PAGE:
For the better part of American history, books about people of color or racism have largely been challenged or banned. What's happened (lately) is more consistent with American history. But just as we fought those book bans in the past or just as my enslaved ancestors found ways to read abolitionist literature, so too can we fight and still read today.
How challenging has it been for you -- physically, emotionally, and spiritually -- to constantly talk about this complex issue of racism and to be the object of hate from people who don't know you?
In many ways it has certainly been difficult, just as it as for a physician who routinely treats people who are sick, to have to continuously diagnose, identify and describe the sickness of racism in our society. But at the same time, like physicians who do this every day, it's so necessary. And we're so committed to this work and to healing people and society.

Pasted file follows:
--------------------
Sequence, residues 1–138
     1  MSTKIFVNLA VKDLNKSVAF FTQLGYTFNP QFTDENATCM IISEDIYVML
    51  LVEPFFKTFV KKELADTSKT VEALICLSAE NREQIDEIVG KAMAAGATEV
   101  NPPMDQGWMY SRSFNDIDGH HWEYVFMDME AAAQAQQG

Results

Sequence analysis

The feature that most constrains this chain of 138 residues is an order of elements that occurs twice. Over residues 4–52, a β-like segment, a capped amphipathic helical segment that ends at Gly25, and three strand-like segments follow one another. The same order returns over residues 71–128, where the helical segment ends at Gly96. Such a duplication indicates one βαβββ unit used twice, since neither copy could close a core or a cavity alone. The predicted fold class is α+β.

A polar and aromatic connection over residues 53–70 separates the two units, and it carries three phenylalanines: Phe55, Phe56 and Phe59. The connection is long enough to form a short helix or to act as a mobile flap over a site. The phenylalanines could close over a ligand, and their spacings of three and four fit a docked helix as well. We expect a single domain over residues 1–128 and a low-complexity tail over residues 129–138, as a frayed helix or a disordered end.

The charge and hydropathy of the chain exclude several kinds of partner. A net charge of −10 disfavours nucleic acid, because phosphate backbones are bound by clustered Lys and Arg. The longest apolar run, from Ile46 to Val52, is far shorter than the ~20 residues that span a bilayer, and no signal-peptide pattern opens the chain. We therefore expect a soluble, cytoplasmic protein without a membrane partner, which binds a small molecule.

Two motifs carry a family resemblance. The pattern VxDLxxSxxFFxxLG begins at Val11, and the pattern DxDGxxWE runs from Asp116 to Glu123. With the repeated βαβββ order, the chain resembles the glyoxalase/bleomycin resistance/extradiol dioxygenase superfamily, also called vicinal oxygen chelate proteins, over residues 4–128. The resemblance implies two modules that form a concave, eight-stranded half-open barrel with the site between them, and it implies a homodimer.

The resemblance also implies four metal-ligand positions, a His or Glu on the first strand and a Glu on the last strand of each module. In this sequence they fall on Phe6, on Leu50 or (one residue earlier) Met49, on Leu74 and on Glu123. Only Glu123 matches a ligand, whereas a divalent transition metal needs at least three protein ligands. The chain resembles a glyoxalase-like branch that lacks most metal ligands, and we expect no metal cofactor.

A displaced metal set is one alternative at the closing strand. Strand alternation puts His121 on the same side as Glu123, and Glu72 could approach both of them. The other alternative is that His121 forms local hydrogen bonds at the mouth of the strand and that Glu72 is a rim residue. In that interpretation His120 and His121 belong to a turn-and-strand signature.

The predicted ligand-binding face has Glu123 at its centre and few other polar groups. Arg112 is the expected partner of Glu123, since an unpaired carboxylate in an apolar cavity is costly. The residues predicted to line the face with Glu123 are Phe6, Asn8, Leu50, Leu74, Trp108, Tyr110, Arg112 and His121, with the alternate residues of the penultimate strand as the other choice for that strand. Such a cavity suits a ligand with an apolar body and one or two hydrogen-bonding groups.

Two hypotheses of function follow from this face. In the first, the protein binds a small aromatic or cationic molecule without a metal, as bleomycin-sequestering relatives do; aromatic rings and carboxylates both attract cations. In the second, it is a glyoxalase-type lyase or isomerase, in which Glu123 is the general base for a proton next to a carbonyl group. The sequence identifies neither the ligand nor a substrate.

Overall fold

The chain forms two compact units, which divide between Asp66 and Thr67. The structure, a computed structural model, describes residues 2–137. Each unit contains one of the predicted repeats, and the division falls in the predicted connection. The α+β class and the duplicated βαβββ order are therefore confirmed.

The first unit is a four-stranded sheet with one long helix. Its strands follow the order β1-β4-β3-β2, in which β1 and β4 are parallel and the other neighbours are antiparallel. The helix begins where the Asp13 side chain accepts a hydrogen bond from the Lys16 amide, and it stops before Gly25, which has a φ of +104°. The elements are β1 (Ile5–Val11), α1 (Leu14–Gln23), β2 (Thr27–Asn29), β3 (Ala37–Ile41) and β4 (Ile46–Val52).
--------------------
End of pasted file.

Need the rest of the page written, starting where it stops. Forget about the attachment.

The greatest difficulties are when people try to delegitimize me and my work because they disagree with the evidence. They don't want to make assessments based on research. They want to make assessments based on their own ideology, or what's best for their own political faction. Clearly that's difficult. When people threaten me in all types of ways, of course that's difficult. But at the same time, I knew what I was getting into. And I'm figuring out ways to get through every day.
So how do you get through the days?
I've learned what can be too much. You spend a lot of time trying to care for humanity. It's important to recognize that you're part of that humanity. It's important to care for yourself as well. I've been figuring out ways to do that, particularly around my physical and emotional health.
John Blake is a Senior Writer at CNN and the author of "More Than I Imagined: What a Black Man Discovered About the White Mother He Never Knew."